The ruling People Power Party appeared set for a landslide win in the local elections Wednesday, with exit poll results favoring its candidates in many key regions.
According to exit poll results from terrestrial broadcasters KBS, MBC and SBS released at 7:30 p.m. Wednesday, the ruling People Power Party was favored to win 10 out of 17 metropolitan mayoral and provincial gubernatorial elections, as opposed to four for the main opposition Democratic Party of Korea.
The exit polls predicted Oh Se-hoon of the People Power Party to be victorious in the Seoul mayoral race against his rival Song Young-gil of the Democratic Party by a margin of 18.5 percentage points, while the People Power Party’s Yoo Jeong-bok was seen to be leading Park Nam-choon of the Democratic Party by 5.5 percentage points in Incheon.
The People Power Party was also seen to be leading in gubernatorial elections for North Chungcheong, South Chungcheong, Gangwon, North Gyeongsang and South Gyeongsang provinces. The party was shown to be leading in the Daegu, Ulsan and Busan mayoral elections as well.
The Democratic Party was strongly leading in gubernatorial elections for North Jeolla and South Jeolla provinces and Jeju Island, as well as in the Gwangju mayoral election.
The outcome remained uncertain for the Gyeonggi Province gubernatorial election, where exit poll results gave a slim lead for Kim Eun-hye of the People Power Party at just 0.6 percentage points ahead of Kim Dong-yeon of the Democratic Party.
The ruling party’s Choi Min-ho was leading by 1.2 percentage points against Lee Chun-hui of the Democratic Party for the Sejong mayoral election, and Lee Jang-woo of the People Power Party was seen as leading by 0.8 percentage points against Heo Tae-jeong of the Democratic Party in Daejeon.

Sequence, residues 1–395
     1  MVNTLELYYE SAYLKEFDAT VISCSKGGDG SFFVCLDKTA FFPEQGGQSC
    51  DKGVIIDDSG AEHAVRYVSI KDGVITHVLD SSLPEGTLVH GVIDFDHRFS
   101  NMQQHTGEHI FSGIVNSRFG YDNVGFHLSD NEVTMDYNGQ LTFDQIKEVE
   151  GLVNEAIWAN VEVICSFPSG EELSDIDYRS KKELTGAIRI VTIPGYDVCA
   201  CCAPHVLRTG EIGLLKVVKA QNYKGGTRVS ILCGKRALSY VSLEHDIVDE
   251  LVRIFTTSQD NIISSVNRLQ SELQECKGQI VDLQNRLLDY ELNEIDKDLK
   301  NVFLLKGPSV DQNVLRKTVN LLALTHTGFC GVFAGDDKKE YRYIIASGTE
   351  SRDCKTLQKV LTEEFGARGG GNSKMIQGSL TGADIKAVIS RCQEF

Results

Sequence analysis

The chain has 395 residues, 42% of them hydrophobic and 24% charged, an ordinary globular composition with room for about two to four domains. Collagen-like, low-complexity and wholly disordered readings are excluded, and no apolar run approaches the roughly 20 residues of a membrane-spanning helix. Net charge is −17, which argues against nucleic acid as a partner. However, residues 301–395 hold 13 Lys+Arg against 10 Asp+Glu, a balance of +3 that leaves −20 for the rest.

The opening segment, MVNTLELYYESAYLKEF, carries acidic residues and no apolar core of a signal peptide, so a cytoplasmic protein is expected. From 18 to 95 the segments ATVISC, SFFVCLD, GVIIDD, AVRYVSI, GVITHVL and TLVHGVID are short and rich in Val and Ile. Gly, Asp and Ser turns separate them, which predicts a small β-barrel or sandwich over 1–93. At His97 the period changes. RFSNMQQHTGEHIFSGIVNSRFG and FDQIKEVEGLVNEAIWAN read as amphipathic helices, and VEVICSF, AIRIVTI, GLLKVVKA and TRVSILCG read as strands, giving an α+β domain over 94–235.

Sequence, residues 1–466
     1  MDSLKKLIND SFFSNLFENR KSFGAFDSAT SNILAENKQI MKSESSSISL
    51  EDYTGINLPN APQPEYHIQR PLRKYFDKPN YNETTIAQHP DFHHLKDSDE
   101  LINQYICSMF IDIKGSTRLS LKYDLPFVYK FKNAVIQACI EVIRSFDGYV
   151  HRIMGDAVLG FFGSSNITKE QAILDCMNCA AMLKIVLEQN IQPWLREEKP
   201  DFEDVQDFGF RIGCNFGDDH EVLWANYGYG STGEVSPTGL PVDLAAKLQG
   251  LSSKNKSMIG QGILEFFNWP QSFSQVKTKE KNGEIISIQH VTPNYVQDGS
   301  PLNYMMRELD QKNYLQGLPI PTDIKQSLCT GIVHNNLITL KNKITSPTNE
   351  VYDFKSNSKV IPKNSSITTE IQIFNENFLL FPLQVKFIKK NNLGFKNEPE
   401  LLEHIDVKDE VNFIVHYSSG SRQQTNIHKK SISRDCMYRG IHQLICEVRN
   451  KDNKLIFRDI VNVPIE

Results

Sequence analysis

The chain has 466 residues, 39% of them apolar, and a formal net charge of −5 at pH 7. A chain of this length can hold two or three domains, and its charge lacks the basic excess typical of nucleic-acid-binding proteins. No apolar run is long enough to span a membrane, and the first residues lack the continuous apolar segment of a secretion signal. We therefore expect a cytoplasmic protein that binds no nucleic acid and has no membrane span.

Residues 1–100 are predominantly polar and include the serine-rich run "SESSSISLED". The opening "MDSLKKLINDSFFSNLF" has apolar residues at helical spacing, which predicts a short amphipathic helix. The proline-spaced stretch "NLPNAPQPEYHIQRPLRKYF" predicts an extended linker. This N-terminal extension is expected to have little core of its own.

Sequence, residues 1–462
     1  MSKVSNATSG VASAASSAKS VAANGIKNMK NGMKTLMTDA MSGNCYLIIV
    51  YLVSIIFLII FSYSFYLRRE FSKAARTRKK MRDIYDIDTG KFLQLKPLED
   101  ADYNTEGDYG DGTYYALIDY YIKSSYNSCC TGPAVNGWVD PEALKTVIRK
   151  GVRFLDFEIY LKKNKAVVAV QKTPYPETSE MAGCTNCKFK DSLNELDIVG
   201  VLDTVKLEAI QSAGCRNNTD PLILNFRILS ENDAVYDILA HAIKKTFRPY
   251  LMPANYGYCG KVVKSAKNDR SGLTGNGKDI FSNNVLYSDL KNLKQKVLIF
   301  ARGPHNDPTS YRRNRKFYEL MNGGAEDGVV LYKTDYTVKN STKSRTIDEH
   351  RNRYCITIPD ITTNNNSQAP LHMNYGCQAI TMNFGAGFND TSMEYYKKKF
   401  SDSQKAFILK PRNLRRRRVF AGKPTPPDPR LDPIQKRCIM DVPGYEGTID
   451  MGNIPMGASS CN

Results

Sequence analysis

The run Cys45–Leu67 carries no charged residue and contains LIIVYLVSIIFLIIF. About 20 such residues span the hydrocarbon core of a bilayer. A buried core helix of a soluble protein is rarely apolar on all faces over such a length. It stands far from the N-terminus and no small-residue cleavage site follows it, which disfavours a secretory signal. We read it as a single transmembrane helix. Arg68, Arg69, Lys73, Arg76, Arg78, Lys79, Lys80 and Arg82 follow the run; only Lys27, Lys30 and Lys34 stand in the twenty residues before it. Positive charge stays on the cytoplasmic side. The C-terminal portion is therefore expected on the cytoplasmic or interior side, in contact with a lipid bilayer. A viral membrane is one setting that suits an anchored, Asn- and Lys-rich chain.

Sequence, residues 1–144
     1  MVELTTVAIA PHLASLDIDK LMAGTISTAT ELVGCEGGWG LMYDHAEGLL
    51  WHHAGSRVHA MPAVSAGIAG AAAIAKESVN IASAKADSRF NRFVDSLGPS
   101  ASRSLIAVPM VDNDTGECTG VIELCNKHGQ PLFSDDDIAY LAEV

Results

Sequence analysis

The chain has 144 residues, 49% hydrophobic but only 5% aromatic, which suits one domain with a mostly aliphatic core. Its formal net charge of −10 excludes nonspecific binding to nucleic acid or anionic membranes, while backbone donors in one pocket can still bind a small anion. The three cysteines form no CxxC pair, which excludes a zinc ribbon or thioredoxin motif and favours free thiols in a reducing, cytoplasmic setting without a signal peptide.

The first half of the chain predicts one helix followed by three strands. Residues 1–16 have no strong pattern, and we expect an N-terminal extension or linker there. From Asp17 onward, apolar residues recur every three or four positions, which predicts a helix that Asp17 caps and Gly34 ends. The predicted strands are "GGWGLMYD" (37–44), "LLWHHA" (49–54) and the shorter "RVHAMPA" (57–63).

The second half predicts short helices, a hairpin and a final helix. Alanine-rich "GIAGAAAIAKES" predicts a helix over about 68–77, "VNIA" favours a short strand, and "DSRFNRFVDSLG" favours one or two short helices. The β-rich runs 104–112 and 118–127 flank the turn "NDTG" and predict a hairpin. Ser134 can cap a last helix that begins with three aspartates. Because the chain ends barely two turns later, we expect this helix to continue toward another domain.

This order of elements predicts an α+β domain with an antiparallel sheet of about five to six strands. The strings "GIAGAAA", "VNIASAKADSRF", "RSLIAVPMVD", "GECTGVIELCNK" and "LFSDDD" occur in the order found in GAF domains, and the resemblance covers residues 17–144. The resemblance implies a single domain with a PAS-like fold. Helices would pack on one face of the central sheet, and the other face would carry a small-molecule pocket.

Local broadcaster JTBC’s exit polls also predicted the People Power Party to turn out victorious in the local elections, expecting the ruling party to secure nine out of 17 metropolitan mayoral and gubernatorial elections, as opposed to four for the Democratic Party.
Wednesday’s local elections were also held to elect new heads of 226 lower-level administrative units, as well as 872 seats in provincial and metropolitan councils and 2,988 in lower-level local councils.
A total of 7,616 candidates registered as candidates for the local elections, recording the lowest-ever overall competition rate of 1.8 candidates per open seat, dipping below the previous record of 2.3 per open seat in 2014.
Exit poll results did not indicate full forecasts on which party would clinch how many of the public official posts up for grabs, but it was expected the People Power Party would claim the majority, as the ruling party was seen to be leading overall across the 17 metropolitan mayoral and gubernatorial elections.
The People Power Party was widely predicted to bolster its power in the local elections from early on. After the party won the presidential election in March, it was expected to continue the vibe of victory onto the June 1 elections, which were held just weeks after President Yoon Suk-yeol took office on May 10.